Recent Trends in Human Resource Management

Wednesday, July 13, 2011

Why a Great Individual Is Better Than a Good Team

Why a Great Individual Is Better Than a Good Team


Author: Jeff Stibel


Anytime a CEO, quarterback, engineer or author is paid ridiculous amounts of money, dozens of investors, armchair quarterbacks, and scholars jump in to debate the value of individual contributors versus teams. Bill Taylor wrote the most recent of many interesting pieces, where he argued provocatively that "great people are overrated," in response to Facebook CEO Mark Zuckerberg's comment that a great engineer is worth 100 average engineers.


I have heard plenty of people argue that no one individual is worth the price of many. But interestingly, I have never heard it from a leader.


As a CEO, I have run public companies, private companies, startups, turnarounds, and divestitures — in each and every case, I have never seen a situation where quantity is better than quality when it comes to people. Never. Great people are both hard to find and worth an infinite number of average people.


And as a brain scientist, I know that great individuals are not only more valuable than legions of mediocrity, they are often more valuable than groups that include great individuals. Here's why:
The truth is, our brains work very well individually but tend to break down in groups. This is why we have individual decision makers in business (and why paradoxically we have group decisions in government). Programmers are exponentially faster when coding as individuals; designers do their best work alone; artists rarely collaborate and when they do, it rarely goes well. There are exceptions to every rule, but in general this holds true.


There is clearly not widespread acknowledgment about the benefits of individual contributors — in many ways, it goes against our inclination towards equality. And thank goodness, because that gives those of us who understand the real value of great people a huge competitive advantage! But for anyone interested in making better decisions about their teams, it is worth spending some time understanding the science behind individual greatness.


In many ways, individual people follow an inverse rule relative to networks of people. Consider the two fundamental laws of networks: both Metcalfe's Law and Reed's Law assume that as a network of people grows, the value of the network increases substantially. (In Metcalfe's Law, the value of the network is proportional to the square of the number of people in the network, whereas Reed's Law demonstrates that the value for any individual within a network grows exponentially with every new member.) But with individuals, the opposite is true: The value of a contributor decreases disproportionately with each additional person contributing to a single project, idea, or innovation.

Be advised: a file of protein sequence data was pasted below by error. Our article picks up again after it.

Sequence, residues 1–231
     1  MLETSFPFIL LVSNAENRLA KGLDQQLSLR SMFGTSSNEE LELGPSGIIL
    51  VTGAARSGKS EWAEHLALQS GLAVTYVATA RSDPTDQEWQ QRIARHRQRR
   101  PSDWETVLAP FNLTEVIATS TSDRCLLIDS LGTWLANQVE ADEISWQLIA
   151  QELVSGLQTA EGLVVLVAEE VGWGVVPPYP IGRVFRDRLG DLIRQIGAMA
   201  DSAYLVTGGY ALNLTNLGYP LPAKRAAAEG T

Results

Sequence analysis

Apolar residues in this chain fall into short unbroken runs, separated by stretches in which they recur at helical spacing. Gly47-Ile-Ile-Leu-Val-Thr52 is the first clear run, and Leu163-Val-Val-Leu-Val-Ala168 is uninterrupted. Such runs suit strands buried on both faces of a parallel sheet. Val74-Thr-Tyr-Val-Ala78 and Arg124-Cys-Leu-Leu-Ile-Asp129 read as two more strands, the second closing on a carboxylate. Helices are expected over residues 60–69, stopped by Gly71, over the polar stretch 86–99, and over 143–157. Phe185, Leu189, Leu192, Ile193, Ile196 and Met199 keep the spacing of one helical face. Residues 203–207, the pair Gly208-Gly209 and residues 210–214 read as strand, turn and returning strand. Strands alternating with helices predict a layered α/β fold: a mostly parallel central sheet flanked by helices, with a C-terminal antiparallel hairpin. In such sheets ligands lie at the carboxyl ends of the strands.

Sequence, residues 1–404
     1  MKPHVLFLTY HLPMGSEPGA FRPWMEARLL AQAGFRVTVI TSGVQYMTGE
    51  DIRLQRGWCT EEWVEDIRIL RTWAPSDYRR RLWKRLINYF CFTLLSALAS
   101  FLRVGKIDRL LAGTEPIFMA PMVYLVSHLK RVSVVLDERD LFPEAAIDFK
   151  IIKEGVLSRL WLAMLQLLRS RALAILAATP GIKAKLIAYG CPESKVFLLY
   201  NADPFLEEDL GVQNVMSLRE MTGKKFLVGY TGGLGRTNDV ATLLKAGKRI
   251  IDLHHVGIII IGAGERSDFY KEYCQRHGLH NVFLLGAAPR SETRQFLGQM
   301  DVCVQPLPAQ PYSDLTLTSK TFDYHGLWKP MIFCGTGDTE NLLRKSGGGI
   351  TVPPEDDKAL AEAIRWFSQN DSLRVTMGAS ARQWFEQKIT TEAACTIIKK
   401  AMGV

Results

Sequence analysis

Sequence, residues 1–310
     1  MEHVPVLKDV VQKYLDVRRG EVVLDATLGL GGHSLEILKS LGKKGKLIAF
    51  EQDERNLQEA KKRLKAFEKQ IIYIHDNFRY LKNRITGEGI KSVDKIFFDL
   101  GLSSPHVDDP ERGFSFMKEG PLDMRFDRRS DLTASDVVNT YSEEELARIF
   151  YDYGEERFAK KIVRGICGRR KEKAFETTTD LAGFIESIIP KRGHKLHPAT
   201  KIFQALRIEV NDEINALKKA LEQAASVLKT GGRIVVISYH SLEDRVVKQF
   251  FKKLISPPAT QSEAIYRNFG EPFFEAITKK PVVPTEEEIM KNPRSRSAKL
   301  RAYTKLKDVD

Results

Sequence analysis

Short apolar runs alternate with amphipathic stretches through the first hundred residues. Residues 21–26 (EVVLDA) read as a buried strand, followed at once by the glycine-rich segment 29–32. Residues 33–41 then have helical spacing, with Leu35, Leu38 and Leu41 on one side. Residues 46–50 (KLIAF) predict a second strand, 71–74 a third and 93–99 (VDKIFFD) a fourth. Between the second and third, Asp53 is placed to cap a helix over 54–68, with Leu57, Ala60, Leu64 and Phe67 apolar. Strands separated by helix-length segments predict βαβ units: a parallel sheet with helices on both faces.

This is true across all areas but only so far as there are discrete pieces of work to be done. To be sure, there is clear value in having a marketing person work with a programmer on a project or a biologist working with a chemist on a problem. Proper team building is a powerful thing. But when an activity can be performed sufficiently by one person with adequate skills, doing the activity as a group should be avoided.


The concept of declining incremental value is essentially a "power function" or, more technically, a scale invariance — where the greatest impact comes from the smallest proportion of the population. There are numerous examples of power functions, including Stevens' law, Keplar's law, the long tail, Zipf's law, and the Pareto principle (or 80/20 rule). And power laws explain plenty of events in nature (i.e., earthquakes), finance (i.e., income distribution), language (word frequency), and even ecommerce (i.e., book sales on Amazon). Virtually all complex systems follow power laws within the system itself.


Here's how power functions relate to the brain. As described in my book Wired for Thought, the brain is a complex network of neurons. There are around 100 billion neurons connected to one another in the brain and they follow a network law — the value of a neuron is exponentially more valuable as the overall neural network grows. But when the brain becomes highly active, it reverts to a power law where a spike in activity is followed by a lull. Informally called neuronal avalanches, these spikes have been linked to knowledge transfer and storage, communication, and computational power — in short, intelligence.


The same is true when it comes to people. Our intelligence is incredibly complex and as a result, a great individual can far exceed the value of many mediocre minds. This is why it is absurd to ask questions like "how many mediocre people would it take to collectively beat Kasparov in a chess match?"